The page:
8.9.4 The temperature of a liquid affects its density, and therefore its specific gravity. Because of this, hydrometer reading must be adjusted for temperature.
8.9.5 Since the alcohol collected from the recycler is slightly warm, it is best to let it stand at room temperature overnight before using it to make alcohol solutions.
8.9.6 Fill a transparent 500ml graduated cylinder with a sample of the recycled alcohol and gently place the hydrometer into the solution, such that it is floating with the weighted end down. Allow the hydrometer to stop moving, then record the reading (Tralles, not Proof) at the bottom of the meniscus on the reagent control form.
8.9.7 Measure the temperature of the alcohol in the graduated cylinder and record it on the reagent control form.
8.9.8 Like most standard hydrometers, the hydrometer used in Premier Laboratory is calibrated at 60°F.
Form 2: Temperature Correction Chart for Hydrometer Readings - EQ-0014.2 shows the correction factors for hydrometer readings over a range of temperatures.
8.9.9 Calculate the actual percent alcohol from the measured percent alcohol using the following equation: (measured % alcohol) - (measured % alcohol x correction factor) = (corrected % alcohol)
8.9.10 Record the corrected percent alcohol on the reagent control form, and use it to calculate the correct volumes of recycled alcohol and deionized water or reagent alcohol for the desired solution.
Elizabeth A. Chlipala, BS, HTL(ASCP)QIHC
Premier Laboratory, LLC
PO Box 18592
Boulder, CO 80308
(303) 682-3949 office
(303) 682-9060 fax
(303) 881-0763 cell
liz at premierlab.com
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Premier Laboratory, LLC
1567 Skyway Drive, Unit E
Longmont, CO 80504
From: Vickroy, James via Histonet [mailto:histonet at lists.utsouthwestern.edu]
Sent: Thursday, July 21, 2016 8:09 AM
To: histonet at lists.utsouthwestern.edu
Subject: [Histonet] Fading of H&E controls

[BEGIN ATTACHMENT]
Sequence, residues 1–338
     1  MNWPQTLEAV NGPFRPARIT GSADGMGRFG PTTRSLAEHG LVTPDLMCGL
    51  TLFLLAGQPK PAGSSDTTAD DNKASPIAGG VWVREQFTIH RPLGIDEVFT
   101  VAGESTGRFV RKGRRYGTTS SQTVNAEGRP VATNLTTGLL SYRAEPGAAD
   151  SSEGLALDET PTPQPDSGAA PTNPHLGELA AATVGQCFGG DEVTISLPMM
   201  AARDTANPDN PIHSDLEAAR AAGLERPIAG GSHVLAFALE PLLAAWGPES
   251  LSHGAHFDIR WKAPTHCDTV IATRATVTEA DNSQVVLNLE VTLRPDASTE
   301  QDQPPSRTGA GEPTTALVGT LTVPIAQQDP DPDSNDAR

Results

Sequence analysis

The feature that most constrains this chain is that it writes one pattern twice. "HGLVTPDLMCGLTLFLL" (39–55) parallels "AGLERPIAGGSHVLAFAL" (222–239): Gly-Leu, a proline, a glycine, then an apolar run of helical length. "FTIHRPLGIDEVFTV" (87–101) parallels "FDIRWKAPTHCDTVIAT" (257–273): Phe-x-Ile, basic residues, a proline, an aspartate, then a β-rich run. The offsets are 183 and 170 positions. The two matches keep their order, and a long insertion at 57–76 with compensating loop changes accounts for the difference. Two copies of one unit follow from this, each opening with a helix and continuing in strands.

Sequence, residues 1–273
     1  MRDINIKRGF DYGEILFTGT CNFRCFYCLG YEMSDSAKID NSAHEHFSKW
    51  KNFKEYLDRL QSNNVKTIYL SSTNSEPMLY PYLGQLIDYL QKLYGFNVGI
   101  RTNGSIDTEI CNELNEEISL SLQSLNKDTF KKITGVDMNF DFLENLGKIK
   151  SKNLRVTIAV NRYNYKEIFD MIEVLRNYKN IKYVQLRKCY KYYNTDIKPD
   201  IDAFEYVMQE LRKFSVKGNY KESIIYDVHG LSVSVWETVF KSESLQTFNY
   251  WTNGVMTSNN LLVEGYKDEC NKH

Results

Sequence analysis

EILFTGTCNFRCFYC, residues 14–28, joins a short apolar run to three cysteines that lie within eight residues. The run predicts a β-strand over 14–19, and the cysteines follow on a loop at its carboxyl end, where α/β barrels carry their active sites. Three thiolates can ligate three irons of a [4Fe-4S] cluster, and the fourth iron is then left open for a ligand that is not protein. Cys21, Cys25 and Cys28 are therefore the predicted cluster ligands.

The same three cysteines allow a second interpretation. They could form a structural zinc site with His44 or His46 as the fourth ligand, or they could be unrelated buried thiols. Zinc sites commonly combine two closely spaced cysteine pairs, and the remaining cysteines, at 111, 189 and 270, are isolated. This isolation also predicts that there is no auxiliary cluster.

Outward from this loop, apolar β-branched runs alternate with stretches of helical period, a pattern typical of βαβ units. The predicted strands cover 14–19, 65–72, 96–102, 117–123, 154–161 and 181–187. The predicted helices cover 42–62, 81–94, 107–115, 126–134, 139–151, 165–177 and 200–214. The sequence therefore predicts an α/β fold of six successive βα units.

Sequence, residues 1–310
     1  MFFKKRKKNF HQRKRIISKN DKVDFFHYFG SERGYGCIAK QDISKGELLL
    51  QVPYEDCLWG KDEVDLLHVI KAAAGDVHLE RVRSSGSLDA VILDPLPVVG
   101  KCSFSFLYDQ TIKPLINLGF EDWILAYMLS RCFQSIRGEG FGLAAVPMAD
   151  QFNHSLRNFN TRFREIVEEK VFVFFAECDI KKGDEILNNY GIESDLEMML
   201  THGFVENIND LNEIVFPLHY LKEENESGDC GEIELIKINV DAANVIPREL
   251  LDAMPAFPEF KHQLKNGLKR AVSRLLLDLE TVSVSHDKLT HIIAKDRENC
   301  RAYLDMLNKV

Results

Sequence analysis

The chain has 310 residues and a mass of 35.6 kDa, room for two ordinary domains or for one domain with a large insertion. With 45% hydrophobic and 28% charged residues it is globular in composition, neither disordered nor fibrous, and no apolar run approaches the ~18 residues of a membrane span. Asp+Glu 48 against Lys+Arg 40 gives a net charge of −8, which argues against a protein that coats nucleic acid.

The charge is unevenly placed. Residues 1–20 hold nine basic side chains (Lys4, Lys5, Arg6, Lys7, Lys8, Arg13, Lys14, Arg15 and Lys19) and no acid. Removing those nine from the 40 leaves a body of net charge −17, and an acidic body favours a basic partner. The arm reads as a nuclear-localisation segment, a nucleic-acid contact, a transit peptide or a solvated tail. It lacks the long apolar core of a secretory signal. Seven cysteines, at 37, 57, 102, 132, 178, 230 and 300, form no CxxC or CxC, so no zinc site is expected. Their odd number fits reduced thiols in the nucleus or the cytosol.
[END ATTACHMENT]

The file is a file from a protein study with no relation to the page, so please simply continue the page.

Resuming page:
We are getting ready for our first CAP inspection in the new laboratory. I was checking over the H&E controls that we do daily and made a discovery. Several of the first slides we stained, over a year ago, are now washed out. The eosin staining is probably worse than the hematoxylin however both have faded. The H&E slides are in a file box that sits on the counter. I next checked our surgical slide files and found that there were a very few slides from the same time period that have faded but most were still very good.
One of the weird things I have found in the controls is that some slides are as vibrant and brilliant as the day we stained them and some are almost completely faded with little color. I am trouble shooting to figure out why the slides are fading. I am trying to think of the variables between the H&E control slides and the routine surgical slides. The only thing that is different is that the routine surgical slides are filed in a rack and not exposed to the fluorescent light all day. Is this possible?
If it is not the exposure to light than I am wondering if there is a problem with the staining protocol. Another variable is that we use recycled clearing reagents. On the stainer we use Fisher's Citrus Clearing agent and we recycle. We process with Clearite III. I know xylene is the best but do not want to use Xylene because of health issues. I also wonder if there may still be some alcohol in the sections since some frozen sections fade when the clearing is not complete. I do think the fading problem would be more evident in the routine filed slides if the problem was a staining protocol problem, but the recycled clearing agent is still on the table of suspects.
In the beginning we did not change the reagents as often as we do now but of course our volumes have increased also.
Please share with me your thoughts.
Springfield Clinic, Main Campus, East Building
1025 South 6th Street
Springfield, Illinois 62703
Office: 217-528-7541, Ext. 15121
Email: jvickroy at SpringfieldClinic.com<mailto:jvickroy at SpringfieldClinic.com>